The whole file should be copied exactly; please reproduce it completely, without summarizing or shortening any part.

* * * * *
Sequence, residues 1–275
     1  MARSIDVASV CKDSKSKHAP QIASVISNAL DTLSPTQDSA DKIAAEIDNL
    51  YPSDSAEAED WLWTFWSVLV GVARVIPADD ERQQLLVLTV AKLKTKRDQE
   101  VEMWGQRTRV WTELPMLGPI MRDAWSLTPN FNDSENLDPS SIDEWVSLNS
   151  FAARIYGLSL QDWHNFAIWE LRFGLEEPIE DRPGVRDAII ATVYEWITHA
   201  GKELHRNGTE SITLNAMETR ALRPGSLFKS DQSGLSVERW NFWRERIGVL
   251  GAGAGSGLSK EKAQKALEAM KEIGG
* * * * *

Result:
Sequence, residues 1–275
     1  MARSIDVASV CKDSKSKHAP QIASVISNAL DTLSPTQDSA DKIAAEIDNL
    51  YPSDSAEAED WLWTFWSVLV GVARVIPADD ERQQLLVLTV AKLKTKRDQE
   101  VEMWGQRTRV WTELPMLGPI MRDAWSLTPN FNDSENLDPS SIDEWVSLNS
   151  FAARIYGLSL QDWHNFAIWE LRFGLEEPIE DRPGVRDAII ATVYEWITHA
   201  GKELHRNGTE SITLNAMETR ALRPGSLFKS DQSGLSVERW NFWRERIGVL
   251  GAGAGSGLSK EKAQKALEAM KEIGG